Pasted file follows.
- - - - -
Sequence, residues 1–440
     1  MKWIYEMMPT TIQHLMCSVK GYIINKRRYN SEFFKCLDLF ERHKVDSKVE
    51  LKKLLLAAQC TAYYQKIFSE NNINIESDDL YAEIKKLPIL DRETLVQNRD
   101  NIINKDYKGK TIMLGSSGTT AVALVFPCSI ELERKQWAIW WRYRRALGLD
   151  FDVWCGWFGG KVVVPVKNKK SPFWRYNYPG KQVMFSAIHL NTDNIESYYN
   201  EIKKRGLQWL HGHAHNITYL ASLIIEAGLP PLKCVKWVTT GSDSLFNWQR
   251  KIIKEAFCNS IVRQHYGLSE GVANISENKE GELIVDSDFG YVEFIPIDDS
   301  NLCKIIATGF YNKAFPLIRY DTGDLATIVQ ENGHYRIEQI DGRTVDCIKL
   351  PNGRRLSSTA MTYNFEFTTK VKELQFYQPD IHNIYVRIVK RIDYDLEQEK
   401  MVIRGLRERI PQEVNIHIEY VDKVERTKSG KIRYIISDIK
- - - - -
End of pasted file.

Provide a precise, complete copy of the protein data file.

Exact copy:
Sequence, residues 1–440
     1  MKWIYEMMPT TIQHLMCSVK GYIINKRRYN SEFFKCLDLF ERHKVDSKVE
    51  LKKLLLAAQC TAYYQKIFSE NNINIESDDL YAEIKKLPIL DRETLVQNRD
   101  NIINKDYKGK TIMLGSSGTT AVALVFPCSI ELERKQWAIW WRYRRALGLD
   151  FDVWCGWFGG KVVVPVKNKK SPFWRYNYPG KQVMFSAIHL NTDNIESYYN
   201  EIKKRGLQWL HGHAHNITYL ASLIIEAGLP PLKCVKWVTT GSDSLFNWQR
   251  KIIKEAFCNS IVRQHYGLSE GVANISENKE GELIVDSDFG YVEFIPIDDS
   301  NLCKIIATGF YNKAFPLIRY DTGDLATIVQ ENGHYRIEQI DGRTVDCIKL
   351  PNGRRLSSTA MTYNFEFTTK VKELQFYQPD IHNIYVRIVK RIDYDLEQEK
   401  MVIRGLRERI PQEVNIHIEY VDKVERTKSG KIRYIISDIK